Comment: Re:Double tassel ... (Score 3, Insightful) 216

And then they become very different things understood by different people in completely different ways.

Here's a perfect example:

a = a * 2

Now, getting past the substitute of * for X as an indicator of a multiplication operation, most CS-types will interpret this as a command to double the value of a while a math-type would instead view this as a statement of fact (within the scope of the problem) and infer from this (probably without even thinking about it) that a is zero because no other value satisfies the formula.

When I started playing with computers at an age of nine or ten, (this would have been an Apple ][ back in 1980), my Mom saw me key in a statement that said A = A + 1 and immediately objected, insisting that you could not do that . . . and she isn't even good at math.

So yes, I agree, it is a related, but different, kind of thinking, and should be a separate subject.

Comment: Re:VPN? (Score 1) 124

by Phreakiture (#49353565) Attached to: Australia Passes Mandatory Data Retention Law

You could do what I have done. I am in the US, and this costs me about USD 8-9 per month on average, and I don't know what hoops you may have to jump through, but this should work in theory:

Sigh up for Amazon Web Services (AWS) and get yourself an EC2 instance. Use the AMI for OpenVPN-AS. Configure it to use TCP/443, which will make your traffic look like any other HTTPS traffic.

On the billing details, (again, this is USD, not AUD), I spent about $100 to get a three-year reservation on a t1.micro instance to run this, which includes a permanent public IP address (they call that an Elastic IP). I then get billed for about $6/month (the 8-9 figure has the $100 amortized over three years), but keep in mind that this also includes some S3 usage on my part, so in practice, it could (and probably will) be less.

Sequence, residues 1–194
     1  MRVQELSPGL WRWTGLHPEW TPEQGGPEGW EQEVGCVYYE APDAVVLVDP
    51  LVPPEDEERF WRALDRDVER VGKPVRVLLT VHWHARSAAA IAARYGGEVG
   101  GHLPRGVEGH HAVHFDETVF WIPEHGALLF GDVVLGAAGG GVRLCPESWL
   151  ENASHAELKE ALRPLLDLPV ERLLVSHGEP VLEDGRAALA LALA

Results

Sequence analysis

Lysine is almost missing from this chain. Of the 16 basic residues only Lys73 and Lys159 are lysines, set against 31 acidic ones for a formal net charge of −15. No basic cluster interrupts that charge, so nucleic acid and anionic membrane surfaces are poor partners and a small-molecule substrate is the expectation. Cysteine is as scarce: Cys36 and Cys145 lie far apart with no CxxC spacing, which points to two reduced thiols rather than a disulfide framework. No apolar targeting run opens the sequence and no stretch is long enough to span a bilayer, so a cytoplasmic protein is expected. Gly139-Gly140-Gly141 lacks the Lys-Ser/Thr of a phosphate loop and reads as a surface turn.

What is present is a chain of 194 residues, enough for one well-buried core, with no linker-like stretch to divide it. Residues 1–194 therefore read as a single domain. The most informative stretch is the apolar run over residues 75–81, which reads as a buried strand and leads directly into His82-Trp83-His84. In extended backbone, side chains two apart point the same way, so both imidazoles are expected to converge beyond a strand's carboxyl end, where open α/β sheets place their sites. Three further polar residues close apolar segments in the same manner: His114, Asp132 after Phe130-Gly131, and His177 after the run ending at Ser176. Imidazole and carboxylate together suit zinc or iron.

Also, the first year of one server, assuming it is a t1.micro running Linux with under 10 GB of disk, is free.

I use this to keep my traffic away from the prying eyes and through the nanny-proxy of the public WiFi that I use.

Comment: Re:Restore backup images (Score 1) 167

by Phreakiture (#49347999) Attached to: NJ School District Hit With Ransomware-For-Bitcoins Scheme

Well, you don't really known when the ransomware was installed. You could have a perfectly sane backup policy, and still be left with no backup that doesn't contain the ransomware, if the criminals are patient enough for all of your backups to age out.

At the same time, they can only go back so far, because student records stored in increasingly old backups will be increasingly stale.

Comment: Re:Not new (Score 2) 296

by Phreakiture (#49294367) Attached to: To Avoid NSA Interception, Cisco Will Ship To Decoy Addresses

If the NSA does not already have access to Cisco's obfuscated address system, then they are not doing their job.

Perhaps, but I believe it is incumbent upon us as American citizens to make their job as difficult as possible. The more steps they have to take to get at our information, the better. The ultimate aim should be to make their data collection so difficult that they have to ration their efforts.

If you don't have time to do it right, where are you going to find the time to do it over?